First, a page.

• Miss Selfridge, a label from U.K.’s Arcadia Group, will be introduced in the fall to L&T’s Fifth Avenue flagship and certain L&T branches, as a regional exclusive. In Canada, Hudson’s Bay has been rolling out huge in-store shops for Arcadia’s popular Topshop and Topman brands.
• B Brian Atwood footwear and handbags will be launched exclusively this fall at L&T and Hudson’s Bay.
• Design Lab, a fast-fashion, contemporary private label launched in all 140 stores this year and selling for less than $100 on average, will add handbags and intimate apparel for fall and spring, respectively. Jewelry could show up next year.
• Dresses, a destination category at L&T, will be expanded by bringing Vera Wang, Laundry and Belle by Badgely Mischka styles to all doors from the current limited distribution.
• Birdcage, L&T’s year-old concept for emerging, limited-distribution contemporary labels, is growing to 20 doors for spring 2016. Right now, it’s just in the flagship.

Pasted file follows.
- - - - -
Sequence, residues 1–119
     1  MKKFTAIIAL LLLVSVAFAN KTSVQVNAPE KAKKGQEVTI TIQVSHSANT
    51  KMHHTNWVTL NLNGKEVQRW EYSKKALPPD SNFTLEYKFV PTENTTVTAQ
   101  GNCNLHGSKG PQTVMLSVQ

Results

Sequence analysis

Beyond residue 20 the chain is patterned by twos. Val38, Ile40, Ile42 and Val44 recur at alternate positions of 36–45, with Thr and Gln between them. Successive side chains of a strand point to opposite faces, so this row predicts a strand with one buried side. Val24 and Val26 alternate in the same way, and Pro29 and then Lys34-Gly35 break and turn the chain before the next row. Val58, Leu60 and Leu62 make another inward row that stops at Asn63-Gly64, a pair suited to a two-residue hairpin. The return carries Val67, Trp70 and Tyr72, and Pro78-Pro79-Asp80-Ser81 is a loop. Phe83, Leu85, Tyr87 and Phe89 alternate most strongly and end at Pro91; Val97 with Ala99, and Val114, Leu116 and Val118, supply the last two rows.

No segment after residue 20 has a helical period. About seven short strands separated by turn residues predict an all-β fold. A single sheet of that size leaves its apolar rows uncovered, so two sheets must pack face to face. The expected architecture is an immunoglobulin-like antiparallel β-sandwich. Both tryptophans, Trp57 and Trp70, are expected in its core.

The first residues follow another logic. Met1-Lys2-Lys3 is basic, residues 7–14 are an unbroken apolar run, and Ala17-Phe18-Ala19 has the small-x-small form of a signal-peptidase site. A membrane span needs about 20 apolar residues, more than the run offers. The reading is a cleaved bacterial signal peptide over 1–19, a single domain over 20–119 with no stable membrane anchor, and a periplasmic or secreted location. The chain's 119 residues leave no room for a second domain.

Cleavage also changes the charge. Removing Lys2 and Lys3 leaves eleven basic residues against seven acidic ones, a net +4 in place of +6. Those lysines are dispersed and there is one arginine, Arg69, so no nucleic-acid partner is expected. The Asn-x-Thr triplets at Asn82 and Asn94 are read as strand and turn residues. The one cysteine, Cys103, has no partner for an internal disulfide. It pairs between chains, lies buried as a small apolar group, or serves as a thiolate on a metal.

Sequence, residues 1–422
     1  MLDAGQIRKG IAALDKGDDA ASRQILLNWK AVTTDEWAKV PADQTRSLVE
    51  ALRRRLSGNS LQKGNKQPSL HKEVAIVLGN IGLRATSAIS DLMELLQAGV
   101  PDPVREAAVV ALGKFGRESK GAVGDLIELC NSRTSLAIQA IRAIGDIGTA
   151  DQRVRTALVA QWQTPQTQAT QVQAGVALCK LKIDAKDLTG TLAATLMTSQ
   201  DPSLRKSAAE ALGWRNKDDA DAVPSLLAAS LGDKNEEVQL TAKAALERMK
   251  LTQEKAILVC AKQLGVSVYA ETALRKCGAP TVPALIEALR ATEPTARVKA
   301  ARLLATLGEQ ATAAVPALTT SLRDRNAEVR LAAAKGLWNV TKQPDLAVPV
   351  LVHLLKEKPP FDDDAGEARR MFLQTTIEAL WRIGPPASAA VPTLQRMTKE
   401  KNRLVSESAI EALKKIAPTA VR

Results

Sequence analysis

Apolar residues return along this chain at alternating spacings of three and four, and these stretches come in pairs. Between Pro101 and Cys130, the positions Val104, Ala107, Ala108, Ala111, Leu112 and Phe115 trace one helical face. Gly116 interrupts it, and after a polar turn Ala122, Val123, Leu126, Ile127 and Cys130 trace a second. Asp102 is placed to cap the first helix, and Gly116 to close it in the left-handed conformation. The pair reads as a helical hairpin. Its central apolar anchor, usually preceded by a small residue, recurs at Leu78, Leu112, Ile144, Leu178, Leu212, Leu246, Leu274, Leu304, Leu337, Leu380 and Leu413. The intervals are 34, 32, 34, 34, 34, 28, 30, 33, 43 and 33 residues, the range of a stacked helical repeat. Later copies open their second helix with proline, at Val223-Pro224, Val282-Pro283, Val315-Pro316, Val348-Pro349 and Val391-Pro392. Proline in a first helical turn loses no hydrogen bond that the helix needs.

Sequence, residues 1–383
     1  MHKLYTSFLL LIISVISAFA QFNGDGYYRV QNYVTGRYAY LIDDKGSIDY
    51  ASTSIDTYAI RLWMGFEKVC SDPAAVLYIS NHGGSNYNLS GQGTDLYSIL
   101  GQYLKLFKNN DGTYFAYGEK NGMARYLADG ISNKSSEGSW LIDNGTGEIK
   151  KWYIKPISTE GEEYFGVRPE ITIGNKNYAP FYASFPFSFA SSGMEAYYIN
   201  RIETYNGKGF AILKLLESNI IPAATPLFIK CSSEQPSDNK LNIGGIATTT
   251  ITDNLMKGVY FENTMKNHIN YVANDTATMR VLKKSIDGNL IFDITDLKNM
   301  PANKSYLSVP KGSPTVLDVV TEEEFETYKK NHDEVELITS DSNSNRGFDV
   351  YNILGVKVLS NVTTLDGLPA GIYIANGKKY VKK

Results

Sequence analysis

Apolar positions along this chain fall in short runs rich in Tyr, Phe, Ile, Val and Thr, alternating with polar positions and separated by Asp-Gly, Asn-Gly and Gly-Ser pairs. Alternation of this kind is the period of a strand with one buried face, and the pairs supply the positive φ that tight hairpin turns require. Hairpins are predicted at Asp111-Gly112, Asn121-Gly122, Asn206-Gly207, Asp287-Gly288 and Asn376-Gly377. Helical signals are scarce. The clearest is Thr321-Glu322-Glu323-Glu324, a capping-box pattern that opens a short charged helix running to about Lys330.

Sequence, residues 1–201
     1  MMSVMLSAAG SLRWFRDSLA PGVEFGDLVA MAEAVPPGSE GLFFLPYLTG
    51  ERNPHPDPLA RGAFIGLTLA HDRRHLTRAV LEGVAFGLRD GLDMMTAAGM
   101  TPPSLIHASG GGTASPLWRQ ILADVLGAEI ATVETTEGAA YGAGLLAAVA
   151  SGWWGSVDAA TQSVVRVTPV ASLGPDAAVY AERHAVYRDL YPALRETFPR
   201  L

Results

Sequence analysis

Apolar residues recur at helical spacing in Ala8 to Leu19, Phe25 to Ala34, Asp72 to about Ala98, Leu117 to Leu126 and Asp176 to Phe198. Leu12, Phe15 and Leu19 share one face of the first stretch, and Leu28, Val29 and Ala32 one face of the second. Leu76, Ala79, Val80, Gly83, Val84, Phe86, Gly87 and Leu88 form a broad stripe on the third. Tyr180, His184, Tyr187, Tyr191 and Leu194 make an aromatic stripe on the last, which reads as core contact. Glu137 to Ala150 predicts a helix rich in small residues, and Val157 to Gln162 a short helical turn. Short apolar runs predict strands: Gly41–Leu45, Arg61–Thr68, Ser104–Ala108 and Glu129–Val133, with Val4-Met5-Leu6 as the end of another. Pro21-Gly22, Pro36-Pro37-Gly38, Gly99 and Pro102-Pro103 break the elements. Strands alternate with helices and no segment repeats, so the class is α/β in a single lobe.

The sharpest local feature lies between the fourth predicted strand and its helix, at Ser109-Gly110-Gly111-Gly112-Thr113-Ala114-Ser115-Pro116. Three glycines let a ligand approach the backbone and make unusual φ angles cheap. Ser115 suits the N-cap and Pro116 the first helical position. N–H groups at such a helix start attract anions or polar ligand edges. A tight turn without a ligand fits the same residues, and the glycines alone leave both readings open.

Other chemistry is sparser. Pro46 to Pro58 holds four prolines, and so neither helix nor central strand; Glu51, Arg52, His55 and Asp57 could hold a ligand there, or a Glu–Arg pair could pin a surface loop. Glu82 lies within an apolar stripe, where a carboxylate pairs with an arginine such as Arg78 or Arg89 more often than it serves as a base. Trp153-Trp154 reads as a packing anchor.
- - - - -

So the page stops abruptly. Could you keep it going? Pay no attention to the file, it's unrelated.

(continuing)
On the marketing front, L&T is running an eight-page insert in Vogue’s September issue. The Vogue Advertising Studio selected the looks from L&T’s Design Lab photos. Dylan Penn, the daughter of Sean Penn and Robin Wright, is being used for a New York Times campaign, and Stephanie Seymour is the face of the fall campaign for The Room, Hudson’s Bay designer floor on Queen Street.
On the omnichannel front, buy-online, pick-up-in-store will start rolling out at L&T and Hudson’s Bay starting early next year; mobile checkout will soon be tested, and L&T and Hudson’s Bay dot-com assortments are growing. Toys, big and tall, and home products — which weren’t sold at L&T before — were recently added online. The categories were also added to the Hudson’s Bay Web site, though toys and home products have long been selling at Hudson’s Bay stores.